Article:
This story was told during the daytime at a friend’s home. Sitting in front of the shrine her family keeps to honor the ancestors and the deities of Buddhism, it was told in order to explain the reasoning behind some of the rituals done on specific Buddhist holidays. She learned about these beliefs from her parents, who are strong Buddhists, and they are part of her self-identification. To her, they are fully real and are the reasons why luck and fortune come and go out of people’s lives. They are also why she believes that honoring the dead and the deities are so important and can never be neglected without severe consequences. Having lived this way her entire life, it also means her way of living to her as well.
The Kitchen God and Chuang Mu are said to keep you safe from evil spirits and misfortune. As deities of the house and home, they take care of the inhabitants if they are respected. As his name implies, the Kitchen God’s domain is the kitchen, but kitchen is very important in meaning to a house. Chuang Mu means the Mother of Beds, and she is the spirit that sits on beds and watches over you to make sure bad dreams and misfortune stays away. Their protection, however, is only bestowed if they are pleased with you and your family. If you anger them through disrespect or neglect, then they will withdraw their protection from your household. As a result, in order to show that you are respecting them and that you have not forgotten about them, you have to burn incense and give offering to the Kitchen God and Chuang Mu every few months.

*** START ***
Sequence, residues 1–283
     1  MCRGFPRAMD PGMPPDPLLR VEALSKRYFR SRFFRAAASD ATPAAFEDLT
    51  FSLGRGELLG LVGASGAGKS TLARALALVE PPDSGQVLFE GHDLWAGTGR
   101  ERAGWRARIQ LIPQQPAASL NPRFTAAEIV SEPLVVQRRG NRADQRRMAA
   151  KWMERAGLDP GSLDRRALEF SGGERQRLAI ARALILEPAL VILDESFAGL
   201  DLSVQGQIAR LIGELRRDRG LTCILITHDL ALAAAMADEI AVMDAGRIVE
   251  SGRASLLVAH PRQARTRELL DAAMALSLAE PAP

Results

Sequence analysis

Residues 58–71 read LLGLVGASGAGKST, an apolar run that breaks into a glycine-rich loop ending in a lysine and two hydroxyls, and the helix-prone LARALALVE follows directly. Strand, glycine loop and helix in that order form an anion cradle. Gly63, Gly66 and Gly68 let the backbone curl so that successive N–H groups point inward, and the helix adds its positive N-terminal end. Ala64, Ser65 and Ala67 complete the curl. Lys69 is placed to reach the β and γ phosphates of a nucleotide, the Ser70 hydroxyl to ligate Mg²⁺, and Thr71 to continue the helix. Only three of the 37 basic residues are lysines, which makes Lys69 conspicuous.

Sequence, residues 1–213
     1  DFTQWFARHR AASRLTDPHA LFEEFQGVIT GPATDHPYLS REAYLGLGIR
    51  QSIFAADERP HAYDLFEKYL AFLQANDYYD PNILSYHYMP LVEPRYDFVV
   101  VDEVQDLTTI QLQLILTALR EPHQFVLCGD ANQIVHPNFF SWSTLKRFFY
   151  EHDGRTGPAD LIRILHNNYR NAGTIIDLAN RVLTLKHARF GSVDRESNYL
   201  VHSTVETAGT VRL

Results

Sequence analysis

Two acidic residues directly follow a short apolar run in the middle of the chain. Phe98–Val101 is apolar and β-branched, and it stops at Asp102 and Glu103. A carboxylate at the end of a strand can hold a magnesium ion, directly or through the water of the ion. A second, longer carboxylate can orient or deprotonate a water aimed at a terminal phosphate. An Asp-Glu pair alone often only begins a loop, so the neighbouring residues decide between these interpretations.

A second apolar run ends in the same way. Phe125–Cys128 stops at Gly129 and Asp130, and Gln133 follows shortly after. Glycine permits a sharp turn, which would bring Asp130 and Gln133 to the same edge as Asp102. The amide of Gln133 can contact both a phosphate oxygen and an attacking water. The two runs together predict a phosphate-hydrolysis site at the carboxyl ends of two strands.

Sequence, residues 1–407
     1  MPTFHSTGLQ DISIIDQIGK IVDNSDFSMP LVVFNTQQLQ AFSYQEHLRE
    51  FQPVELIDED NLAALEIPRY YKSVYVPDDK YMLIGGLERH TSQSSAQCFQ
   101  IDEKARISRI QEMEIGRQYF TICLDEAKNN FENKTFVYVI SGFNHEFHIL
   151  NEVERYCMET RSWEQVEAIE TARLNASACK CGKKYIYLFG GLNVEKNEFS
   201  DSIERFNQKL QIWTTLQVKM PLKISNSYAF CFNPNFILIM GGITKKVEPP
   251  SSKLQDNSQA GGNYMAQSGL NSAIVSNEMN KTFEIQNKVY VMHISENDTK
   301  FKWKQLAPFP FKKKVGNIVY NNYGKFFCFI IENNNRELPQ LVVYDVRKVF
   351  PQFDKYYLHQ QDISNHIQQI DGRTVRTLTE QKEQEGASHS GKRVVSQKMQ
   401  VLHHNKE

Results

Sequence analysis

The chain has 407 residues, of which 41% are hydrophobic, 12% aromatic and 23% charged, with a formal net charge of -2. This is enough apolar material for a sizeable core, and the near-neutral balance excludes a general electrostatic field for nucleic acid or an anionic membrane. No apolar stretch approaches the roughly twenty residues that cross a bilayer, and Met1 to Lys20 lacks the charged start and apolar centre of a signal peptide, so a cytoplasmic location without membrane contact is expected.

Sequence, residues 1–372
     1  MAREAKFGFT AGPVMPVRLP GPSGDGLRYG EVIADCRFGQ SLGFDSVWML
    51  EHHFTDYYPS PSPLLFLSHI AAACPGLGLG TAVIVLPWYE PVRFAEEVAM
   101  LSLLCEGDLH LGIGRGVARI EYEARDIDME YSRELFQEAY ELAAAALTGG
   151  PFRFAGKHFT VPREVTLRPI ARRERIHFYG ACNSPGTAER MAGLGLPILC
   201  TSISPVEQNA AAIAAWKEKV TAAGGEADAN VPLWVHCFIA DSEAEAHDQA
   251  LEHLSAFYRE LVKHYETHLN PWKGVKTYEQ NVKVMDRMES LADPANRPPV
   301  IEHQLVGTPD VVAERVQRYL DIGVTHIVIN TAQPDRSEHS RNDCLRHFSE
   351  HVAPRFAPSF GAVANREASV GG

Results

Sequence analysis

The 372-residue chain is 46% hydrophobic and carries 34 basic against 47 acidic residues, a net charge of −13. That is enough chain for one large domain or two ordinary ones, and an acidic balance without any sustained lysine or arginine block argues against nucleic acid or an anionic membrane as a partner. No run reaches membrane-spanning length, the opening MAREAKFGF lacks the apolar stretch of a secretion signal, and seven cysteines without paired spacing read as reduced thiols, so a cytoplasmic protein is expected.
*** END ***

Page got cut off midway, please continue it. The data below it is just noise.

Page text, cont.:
This piece of folklore shows how much religion is a part of daily life, which is remarkable. It emphasizes respect for the dead and for the gods which is definitively part of Asian culture. It also shows how real religion can be to individuals and how deeply it can be associated with someone’s identity.